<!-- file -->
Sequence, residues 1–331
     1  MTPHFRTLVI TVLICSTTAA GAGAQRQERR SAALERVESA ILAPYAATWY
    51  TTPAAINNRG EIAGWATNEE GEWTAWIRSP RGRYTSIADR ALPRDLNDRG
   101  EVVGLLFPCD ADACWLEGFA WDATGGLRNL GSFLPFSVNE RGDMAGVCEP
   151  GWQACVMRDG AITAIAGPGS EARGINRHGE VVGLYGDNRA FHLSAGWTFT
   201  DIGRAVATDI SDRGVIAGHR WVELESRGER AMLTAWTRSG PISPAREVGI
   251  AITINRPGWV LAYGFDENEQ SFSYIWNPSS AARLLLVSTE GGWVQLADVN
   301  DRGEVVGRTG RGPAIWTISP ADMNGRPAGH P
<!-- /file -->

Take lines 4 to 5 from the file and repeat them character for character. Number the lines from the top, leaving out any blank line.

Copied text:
   101  EVVGLLFPCD ADACWLEGFA WDATGGLRNL GSFLPFSVNE RGDMAGVCEP
   151  GWQACVMRDG AITAIAGPGS EARGINRHGE VVGLYGDNRA FHLSAGWTFT